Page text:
by Brandon Perry
For New Pittsburgh Courier
(Editor’s Note: This is part three of a four-part series from the Indianapolis Recorder dealing with the abuse of power)
(INDIANAPOLIS, Ind.)—You go to school to be educated—at least that’s the plan. But the fact is that corruption is one of the last things families expect when a loved one is enrolled in an educational institution.
Educators and the faculty they work with—whether at the grade school, high school or university level—are expected to conduct themselves with integrity and fairness.
|CHARGED—Former dean Cecilia Chang is charged with abusing students and embezzlement at St. John’s University.
Sadly, however, that is not always the case. Abuse of power can be found in education, just as it can in every other sector of society.
“We don’t really like to look at it, but the truth is that no school system or institution is immune from corruption,” said Dr. Armand Fusco, a former school superintendent and nationally recognized expert on education reform. “The problem is that it is hidden from view by self-protection and denial from administrators.”
Indeed, cases of abuse of power in education are found in headlines about incidents both far away and close to home.
Earlier this month, federal authorities charged Cecilia Chang, a former dean at St. John’s University, with helping students obtain scholarships, then threatening to take them away unless the students did personal chores for her. In a separate case, Chang was accused of embezzling $1 million from the university.
Also, this month, a teacher in Mishawaka, Ind., in the northern part of the state was accused of putting duct tape on the mouth of an 8-year-old autistic student. He was allegedly called out in the middle of a game during gym class and forced to run around the gym during the rest of the class with the tape over his mouth.
“His classmates witnessed this and thought it was hilarious, and it really humiliated my son,” the student’s outraged mother, Rita Burnett, said in a statement. “It’s abuse. If I were to do this to my own child and he came to the school and said something to the principal, CPS would be on me in a heartbeat for doing this.”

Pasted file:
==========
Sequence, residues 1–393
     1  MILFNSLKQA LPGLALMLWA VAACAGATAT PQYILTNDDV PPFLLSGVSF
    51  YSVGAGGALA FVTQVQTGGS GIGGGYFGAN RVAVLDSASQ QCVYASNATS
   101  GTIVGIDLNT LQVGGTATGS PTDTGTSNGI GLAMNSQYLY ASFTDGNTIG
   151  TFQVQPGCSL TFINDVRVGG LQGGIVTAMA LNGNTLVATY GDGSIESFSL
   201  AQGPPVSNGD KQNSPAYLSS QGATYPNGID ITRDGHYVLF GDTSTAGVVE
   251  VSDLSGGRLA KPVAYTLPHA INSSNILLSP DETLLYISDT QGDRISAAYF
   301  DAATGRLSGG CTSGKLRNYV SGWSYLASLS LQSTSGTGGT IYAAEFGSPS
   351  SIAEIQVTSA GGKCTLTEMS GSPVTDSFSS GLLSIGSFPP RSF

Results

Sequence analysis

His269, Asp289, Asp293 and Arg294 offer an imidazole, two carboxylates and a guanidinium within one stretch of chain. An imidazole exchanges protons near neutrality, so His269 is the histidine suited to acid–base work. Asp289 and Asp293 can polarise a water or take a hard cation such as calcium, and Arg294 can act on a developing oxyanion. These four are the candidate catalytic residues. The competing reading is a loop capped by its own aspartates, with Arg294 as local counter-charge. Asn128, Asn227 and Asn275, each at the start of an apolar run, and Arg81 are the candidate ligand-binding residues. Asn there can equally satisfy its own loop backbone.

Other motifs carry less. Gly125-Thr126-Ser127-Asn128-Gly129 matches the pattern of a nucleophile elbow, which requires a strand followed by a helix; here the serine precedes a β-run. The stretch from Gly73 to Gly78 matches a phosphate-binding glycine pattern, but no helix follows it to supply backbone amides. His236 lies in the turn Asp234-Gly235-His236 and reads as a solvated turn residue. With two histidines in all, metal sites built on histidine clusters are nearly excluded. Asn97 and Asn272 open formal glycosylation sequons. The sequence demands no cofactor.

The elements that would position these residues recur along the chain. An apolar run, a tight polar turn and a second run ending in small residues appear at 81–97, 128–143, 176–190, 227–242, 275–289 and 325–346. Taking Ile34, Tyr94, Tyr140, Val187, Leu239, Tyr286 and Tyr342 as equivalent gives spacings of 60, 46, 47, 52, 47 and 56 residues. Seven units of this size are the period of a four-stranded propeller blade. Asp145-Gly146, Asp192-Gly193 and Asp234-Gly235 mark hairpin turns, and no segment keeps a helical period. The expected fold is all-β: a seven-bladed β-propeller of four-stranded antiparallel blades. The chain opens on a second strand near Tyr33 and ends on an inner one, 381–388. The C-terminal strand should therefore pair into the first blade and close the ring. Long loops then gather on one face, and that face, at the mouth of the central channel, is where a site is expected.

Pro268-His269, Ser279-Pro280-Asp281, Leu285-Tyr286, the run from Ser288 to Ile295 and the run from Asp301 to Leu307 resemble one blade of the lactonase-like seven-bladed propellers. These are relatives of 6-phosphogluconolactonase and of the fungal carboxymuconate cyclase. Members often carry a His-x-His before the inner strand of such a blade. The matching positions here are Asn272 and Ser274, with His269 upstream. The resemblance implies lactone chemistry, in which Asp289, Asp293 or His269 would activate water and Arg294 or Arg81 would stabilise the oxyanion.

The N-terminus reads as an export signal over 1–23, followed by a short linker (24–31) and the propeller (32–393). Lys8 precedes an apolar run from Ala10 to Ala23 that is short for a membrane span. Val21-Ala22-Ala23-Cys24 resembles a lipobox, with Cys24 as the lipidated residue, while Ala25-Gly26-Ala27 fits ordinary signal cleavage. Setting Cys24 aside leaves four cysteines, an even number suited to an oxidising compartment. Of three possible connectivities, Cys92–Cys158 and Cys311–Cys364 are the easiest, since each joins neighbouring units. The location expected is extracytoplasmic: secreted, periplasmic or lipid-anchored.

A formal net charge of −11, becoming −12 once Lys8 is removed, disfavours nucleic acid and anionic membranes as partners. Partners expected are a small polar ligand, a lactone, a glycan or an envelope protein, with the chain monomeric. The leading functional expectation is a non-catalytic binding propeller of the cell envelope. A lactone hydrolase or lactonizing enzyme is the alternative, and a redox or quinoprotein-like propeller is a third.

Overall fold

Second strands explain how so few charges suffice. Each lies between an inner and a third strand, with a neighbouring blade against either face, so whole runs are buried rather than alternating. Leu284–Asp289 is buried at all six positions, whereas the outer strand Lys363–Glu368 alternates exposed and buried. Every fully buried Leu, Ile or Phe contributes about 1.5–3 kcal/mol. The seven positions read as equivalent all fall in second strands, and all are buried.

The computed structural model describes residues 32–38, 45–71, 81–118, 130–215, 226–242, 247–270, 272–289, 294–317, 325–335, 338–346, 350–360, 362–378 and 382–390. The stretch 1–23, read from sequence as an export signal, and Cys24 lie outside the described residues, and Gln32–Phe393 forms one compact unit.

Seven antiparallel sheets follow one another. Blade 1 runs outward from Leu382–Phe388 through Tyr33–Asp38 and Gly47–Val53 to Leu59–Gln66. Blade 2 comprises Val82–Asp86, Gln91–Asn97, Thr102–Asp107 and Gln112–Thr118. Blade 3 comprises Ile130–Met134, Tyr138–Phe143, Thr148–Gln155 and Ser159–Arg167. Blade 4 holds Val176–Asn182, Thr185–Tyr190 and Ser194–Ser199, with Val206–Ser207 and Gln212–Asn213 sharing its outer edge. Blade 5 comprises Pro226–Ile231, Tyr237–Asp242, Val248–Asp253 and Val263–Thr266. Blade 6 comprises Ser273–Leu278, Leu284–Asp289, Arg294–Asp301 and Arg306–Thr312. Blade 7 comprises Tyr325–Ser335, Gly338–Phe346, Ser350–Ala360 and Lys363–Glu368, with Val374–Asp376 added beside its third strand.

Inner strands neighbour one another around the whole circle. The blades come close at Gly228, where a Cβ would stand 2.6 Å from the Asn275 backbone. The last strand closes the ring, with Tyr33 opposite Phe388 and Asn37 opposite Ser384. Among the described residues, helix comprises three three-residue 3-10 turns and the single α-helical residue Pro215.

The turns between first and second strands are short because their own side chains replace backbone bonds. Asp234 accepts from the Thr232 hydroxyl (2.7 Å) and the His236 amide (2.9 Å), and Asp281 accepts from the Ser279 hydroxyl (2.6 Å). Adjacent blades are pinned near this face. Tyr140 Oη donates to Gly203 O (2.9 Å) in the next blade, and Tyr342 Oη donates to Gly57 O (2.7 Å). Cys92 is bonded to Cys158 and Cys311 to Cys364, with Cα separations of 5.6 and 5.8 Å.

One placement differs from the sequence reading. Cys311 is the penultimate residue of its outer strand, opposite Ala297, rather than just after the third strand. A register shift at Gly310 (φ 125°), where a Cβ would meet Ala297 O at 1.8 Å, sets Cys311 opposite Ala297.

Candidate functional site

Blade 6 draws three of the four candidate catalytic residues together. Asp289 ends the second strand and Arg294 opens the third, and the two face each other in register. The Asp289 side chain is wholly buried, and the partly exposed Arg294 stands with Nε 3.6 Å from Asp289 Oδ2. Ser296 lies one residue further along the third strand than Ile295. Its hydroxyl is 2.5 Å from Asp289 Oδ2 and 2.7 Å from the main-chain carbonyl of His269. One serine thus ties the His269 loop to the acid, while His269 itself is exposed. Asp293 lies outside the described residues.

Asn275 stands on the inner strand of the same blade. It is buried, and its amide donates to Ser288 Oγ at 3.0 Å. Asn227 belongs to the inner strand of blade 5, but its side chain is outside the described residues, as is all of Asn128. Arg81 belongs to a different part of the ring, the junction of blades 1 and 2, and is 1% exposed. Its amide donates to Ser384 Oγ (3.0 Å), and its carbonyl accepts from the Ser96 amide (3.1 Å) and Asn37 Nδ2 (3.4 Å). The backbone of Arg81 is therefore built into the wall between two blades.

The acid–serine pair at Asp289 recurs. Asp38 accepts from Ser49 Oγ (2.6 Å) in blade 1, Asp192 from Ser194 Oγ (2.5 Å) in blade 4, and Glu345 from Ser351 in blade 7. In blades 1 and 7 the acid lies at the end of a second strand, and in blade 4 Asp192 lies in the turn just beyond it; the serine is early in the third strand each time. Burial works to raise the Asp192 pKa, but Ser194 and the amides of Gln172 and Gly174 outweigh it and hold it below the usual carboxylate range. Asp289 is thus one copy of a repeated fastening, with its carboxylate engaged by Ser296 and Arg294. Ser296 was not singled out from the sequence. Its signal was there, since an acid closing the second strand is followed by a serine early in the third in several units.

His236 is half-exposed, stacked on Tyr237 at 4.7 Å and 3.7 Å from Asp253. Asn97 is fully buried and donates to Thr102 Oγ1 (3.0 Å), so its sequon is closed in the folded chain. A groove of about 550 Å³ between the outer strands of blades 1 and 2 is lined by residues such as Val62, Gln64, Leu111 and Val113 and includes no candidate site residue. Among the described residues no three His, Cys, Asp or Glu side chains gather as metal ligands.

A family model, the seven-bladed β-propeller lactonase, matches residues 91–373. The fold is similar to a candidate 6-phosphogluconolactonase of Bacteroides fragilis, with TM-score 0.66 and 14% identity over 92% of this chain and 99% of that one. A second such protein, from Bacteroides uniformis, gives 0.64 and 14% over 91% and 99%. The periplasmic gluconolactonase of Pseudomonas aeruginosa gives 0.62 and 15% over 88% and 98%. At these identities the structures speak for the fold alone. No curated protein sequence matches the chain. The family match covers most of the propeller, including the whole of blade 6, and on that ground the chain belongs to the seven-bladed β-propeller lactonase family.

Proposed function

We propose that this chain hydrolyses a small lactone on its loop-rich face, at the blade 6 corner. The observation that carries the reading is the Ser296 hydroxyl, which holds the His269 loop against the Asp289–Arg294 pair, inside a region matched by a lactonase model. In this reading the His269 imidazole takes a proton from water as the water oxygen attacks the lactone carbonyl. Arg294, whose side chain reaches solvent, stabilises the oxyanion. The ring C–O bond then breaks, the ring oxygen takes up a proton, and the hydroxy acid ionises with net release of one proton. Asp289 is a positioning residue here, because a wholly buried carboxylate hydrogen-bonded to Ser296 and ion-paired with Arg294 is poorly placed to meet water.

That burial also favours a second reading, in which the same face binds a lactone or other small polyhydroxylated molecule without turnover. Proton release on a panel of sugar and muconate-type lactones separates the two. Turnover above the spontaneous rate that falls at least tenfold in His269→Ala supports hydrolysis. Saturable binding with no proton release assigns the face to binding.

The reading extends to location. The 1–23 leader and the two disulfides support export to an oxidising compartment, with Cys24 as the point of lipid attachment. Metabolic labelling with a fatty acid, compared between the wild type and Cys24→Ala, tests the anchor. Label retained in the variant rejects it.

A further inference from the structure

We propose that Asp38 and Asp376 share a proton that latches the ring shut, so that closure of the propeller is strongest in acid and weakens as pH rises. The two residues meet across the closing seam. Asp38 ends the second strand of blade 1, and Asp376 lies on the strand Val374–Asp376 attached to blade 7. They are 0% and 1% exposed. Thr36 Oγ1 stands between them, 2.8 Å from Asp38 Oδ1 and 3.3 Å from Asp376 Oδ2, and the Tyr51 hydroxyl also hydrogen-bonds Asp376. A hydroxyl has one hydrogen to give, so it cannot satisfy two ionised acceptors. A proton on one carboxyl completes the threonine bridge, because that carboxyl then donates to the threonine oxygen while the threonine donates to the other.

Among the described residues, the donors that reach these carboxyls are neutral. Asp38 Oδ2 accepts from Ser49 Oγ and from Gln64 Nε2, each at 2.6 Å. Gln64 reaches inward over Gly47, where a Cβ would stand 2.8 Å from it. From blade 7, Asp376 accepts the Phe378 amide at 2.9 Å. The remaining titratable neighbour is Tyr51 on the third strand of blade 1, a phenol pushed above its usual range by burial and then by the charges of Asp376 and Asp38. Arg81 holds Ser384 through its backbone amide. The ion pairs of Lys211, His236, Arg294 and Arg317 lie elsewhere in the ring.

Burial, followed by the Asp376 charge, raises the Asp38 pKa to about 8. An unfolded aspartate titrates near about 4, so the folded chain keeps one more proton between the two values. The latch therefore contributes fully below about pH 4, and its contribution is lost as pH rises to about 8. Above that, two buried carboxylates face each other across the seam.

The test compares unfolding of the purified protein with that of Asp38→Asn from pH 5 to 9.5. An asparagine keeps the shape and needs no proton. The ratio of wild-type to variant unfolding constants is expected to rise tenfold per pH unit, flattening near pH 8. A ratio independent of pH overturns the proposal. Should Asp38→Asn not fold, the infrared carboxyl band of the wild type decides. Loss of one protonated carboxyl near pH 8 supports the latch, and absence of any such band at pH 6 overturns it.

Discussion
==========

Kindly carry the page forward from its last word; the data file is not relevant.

Nate Evans, former superintendent of Covington Schools (in Southern Indiana), resigned and was charged with forgery, theft and perjury in November after investigators discovered financial irregularities related to excessive spending of more than $2 million of the district’s funds.
“After my own experience as a superintendent and in uncovering corruption, I wouldn’t be surprised if some degree of abuse of power is festering in all school districts,” said Fusco, who led districts in Connecticut and Massachusetts before writing the book School Corruption: Betrayal of Children and the Public Trust.
According to the Anti-Corruption Resource Center, which has examined abuse of power in educational institutions worldwide, there are several common types of abusive practices in education.
Prominent examples of abuse of power in schools include embezzling grants and other funds intended for schools (for personal use), publishing inflated student enrollment numbers and test scores to obtain more funding, using school property for private commercial purposes, discrimination against students or other faculty and harassing students verbally, physically or sexually.
Other common forms of abuse of power include favoring children from certain communities for admission while subjecting others to extra payments, nepotism (giving jobs to unqualified relatives), and issuing teaching positions or certifications in exchange for bribes or favors.
Fusco said such practices often lead to poor achievement among students, a high dropout rate and low quality teaching.
“They are often the reason behind the shameful statistics we see about low test scores, achievement gaps between White and minority students and the over 25,000 failing schools we have across the country,” he said. Most educators and their faculty associates are hardworking and upstanding, but experts say mechanisms must be put in place to stop those who abuse power.
“Solutions can range from structural reforms that reduce the opportunity for abuse of power and improvements in management and oversight, to stronger sanctions to deter corrupt behavior,” said Stephen Heyneman, a professor of education policy at Vanderbilt University who is known nationally for his research on the topic.
Heyneman said administrators, parents and students must work together to build school systems and universities that provide equal access to opportunities, fairness in distribution of curriculum and materials, high standards of conduct and transparency in management of resources.
Fusco, the education reformist, said parents in public school districts must demand accountability from members of their school board, and encourage them to set policies that will lead to measures preventing abuse in the classroom, documentation of school assets and independent auditing to ensure that resources such as budgets, grants, petty cash funds and student fees are being used properly.
On the secondary level, similar oversight at colleges and universities can be provided by boards of trustees and directors.
“Parents and all taxpayers need to understand that local boards have the obligation to set policies that protect students and manage resources wisely,” Fusco said. “Still, boards cannot do the job alone. Citizens must monitor the places where their children are being educated, and demand answers and action.”
(If you have questions or comments contact Brandon Perry at Brandonfirstname.lastname@example.org)